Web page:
The Xero has a long waisted, tapered bodice and vertical pocket zips in a contrasting color, all of which enhance a slimmer look. I didn’t look like a rotunda and found the cut of the jacket fit nicely under my outer shell. (750+ fill is more expensive than lesser fill powers but for a compressible jacket, it’s well worth the investment. I might be stating the obvious here, but for anyone new to the game, fill power is a measure of the fluffiness of down. You get higher loft and better insulation with 750+ compared with the same weight of 550 fill. It’s more compressible as well.)

Like popcorn on a hot burner, the Xero poofed up as soon as I pulled it from its teeny bag. And I was as comfortable as if I was snuggled in bed, with a big bowl of double butter Jiffy Pop, watching a movie.

Many of the expensive down jackets on the market enhance compressibility by using light weight fabric to encase the down. The drawback is durability. The Xero finds a happy medium by using Helium 30. This fabric is lightweight, didn’t snag on pine twiggies, and DWR (durable water repellency) finish allows light snow to fall off without soaking.

Other features I like:
Hood big enough for a helmet
High neck making the zippered hood almost a balaclava
Hood bungee pull placed down the front so the end doesn’t whip face
Stitch-through construction ensuring down won’t shift
Full down padding in front of pockets to enhance hand warming
Inner zip chest pocket
Simple elastic cuffs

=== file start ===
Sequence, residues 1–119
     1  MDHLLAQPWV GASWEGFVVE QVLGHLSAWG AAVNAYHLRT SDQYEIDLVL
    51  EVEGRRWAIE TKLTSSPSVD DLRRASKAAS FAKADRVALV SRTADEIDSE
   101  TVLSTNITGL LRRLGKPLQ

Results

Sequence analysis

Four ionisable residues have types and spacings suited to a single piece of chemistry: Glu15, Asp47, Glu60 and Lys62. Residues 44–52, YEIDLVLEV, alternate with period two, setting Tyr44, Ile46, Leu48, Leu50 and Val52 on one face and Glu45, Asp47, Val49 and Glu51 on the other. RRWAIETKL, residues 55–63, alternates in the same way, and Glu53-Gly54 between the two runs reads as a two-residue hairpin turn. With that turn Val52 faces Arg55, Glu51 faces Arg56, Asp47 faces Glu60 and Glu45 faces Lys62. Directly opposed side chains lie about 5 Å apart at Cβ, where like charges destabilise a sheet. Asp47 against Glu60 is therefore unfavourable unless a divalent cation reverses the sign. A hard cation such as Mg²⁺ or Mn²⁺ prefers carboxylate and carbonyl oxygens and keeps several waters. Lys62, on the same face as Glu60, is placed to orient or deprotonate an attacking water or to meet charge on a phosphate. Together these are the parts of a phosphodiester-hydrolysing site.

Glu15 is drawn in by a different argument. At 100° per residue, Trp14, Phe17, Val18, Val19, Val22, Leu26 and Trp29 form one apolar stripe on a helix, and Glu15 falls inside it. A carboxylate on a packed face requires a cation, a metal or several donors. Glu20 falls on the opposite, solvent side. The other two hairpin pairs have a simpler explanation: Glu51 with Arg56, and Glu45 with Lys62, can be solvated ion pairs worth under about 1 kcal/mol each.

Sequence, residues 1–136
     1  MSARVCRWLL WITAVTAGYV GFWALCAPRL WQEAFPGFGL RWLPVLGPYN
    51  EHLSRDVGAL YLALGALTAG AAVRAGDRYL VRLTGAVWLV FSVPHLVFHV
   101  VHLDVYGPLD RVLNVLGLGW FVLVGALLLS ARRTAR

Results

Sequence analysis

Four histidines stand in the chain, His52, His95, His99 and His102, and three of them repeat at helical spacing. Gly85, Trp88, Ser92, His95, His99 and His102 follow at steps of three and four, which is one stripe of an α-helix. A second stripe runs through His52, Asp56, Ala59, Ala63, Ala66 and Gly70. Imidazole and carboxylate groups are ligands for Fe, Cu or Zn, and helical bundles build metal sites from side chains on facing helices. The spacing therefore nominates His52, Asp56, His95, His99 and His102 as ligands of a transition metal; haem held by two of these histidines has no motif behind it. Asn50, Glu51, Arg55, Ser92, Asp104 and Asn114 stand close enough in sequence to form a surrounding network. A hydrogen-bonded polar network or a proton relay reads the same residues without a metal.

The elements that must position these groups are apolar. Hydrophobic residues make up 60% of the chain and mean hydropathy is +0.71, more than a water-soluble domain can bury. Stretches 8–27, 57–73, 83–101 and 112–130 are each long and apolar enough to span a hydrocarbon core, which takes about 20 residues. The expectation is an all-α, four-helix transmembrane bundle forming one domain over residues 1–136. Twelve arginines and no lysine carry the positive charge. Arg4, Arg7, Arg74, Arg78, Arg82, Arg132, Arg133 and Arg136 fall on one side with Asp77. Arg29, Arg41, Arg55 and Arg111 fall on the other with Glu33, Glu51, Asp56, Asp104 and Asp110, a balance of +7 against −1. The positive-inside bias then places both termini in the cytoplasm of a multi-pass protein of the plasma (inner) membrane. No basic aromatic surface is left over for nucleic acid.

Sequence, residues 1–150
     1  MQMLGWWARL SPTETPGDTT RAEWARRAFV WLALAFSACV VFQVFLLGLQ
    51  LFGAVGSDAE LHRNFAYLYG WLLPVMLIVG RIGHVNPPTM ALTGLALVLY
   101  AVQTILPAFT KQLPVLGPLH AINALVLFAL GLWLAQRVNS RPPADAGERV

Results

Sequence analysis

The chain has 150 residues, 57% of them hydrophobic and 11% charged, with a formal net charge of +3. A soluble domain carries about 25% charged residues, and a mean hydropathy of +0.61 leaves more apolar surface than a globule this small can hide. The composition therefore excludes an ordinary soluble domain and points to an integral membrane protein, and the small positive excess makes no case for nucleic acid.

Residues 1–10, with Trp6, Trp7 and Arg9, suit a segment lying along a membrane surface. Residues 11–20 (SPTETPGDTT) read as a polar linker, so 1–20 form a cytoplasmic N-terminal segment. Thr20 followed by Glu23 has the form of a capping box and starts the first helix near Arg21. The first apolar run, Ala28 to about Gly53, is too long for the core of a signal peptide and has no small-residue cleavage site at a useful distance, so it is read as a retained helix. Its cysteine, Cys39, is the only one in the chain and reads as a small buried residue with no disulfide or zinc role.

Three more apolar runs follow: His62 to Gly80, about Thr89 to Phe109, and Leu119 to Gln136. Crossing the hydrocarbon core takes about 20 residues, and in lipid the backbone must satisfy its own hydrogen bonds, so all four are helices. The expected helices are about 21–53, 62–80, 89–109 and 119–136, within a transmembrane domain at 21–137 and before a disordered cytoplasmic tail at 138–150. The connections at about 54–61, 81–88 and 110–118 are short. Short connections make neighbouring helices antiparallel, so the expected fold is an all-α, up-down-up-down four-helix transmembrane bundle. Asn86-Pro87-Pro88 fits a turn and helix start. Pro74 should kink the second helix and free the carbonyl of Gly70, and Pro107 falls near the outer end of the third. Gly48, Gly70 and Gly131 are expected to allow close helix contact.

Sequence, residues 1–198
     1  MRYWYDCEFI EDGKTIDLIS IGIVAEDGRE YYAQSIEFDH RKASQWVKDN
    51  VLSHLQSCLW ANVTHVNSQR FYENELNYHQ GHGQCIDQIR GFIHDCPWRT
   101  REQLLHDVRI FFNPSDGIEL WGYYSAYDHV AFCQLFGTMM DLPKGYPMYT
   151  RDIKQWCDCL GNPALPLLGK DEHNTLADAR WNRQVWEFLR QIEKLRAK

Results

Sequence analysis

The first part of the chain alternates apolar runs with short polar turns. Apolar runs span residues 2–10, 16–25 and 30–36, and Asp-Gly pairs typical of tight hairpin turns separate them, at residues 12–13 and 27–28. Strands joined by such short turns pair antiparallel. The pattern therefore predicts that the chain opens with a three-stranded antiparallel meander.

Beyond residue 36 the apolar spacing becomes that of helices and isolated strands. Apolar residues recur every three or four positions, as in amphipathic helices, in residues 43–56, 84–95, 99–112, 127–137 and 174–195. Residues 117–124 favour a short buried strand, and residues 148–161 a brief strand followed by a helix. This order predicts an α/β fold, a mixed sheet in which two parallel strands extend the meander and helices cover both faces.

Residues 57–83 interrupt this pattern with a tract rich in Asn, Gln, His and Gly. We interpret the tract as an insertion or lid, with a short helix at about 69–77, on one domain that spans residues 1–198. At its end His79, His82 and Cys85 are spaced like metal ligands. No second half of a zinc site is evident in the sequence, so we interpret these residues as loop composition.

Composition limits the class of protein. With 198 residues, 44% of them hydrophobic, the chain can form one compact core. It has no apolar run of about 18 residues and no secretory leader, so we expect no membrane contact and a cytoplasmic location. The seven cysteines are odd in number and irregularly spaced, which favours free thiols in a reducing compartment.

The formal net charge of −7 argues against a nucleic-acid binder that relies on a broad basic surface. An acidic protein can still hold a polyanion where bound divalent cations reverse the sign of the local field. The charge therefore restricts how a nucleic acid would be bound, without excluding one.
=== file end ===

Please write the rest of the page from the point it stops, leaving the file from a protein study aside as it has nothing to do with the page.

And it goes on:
Feature I missed: Large inside mesh pockets.

Another jacket I took on our hut trip was the Hispar fleece, which I used mainly for hut lounging. Hispar is light and chases away a chill without overheating. Comfy enough to sleep in, I also wore it as an insulating layer on super cold days. I especially liked the length of the sleeves which adequately covered my long arms.

Mountain Equipment clothing review, Lisa skiing with jacket.

The Bastion hooded Primaloft jacket keeping Lisa warm as she skis Independence Pass, Colorado.

Bastion jacket is a mid-weight Primaloft layer that I use as an outer piece when hiking or touring on cool days. It is not waterproof, but water repellent enough for drizzle. Strategically placed soft shell under the sleeves make it highly breathable. It’s warmer than a soft shell, windproof, and easy to move in, with a hood large enough for a helmet. Two Bastion features I especially like are the placement of the hood’s bungee pull inside the jacket, and an outside hang loop in back of the hood.